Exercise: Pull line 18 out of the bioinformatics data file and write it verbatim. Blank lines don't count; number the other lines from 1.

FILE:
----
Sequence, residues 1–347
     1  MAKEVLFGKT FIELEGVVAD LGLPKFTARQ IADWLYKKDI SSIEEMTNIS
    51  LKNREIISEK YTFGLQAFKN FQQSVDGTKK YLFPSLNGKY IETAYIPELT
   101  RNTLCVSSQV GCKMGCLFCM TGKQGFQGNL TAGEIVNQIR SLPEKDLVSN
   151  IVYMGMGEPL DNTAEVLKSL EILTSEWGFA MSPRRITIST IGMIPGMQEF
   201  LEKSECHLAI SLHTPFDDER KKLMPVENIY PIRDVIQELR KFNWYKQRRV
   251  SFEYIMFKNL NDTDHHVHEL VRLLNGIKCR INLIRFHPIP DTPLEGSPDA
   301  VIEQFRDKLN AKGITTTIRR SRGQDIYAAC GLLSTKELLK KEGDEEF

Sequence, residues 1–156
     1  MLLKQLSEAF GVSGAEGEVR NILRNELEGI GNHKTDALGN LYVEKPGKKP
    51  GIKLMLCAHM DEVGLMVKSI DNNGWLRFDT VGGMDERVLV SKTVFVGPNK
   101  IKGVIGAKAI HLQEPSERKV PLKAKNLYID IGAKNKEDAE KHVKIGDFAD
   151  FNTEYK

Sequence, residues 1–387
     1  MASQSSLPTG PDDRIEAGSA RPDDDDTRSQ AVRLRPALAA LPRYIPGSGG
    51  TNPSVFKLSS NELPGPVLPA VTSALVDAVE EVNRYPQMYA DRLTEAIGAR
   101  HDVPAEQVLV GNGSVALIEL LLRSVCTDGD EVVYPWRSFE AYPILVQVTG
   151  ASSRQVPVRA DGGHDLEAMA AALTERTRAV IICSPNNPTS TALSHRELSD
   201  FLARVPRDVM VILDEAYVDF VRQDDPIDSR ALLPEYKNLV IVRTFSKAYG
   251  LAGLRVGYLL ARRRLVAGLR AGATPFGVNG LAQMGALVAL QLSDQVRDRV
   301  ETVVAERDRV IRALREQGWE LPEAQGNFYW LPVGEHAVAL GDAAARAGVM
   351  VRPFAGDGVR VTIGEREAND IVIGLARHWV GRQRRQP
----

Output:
   151  ASSRQVPVRA DGGHDLEAMA AALTERTRAV IICSPNNPTS TALSHRELSD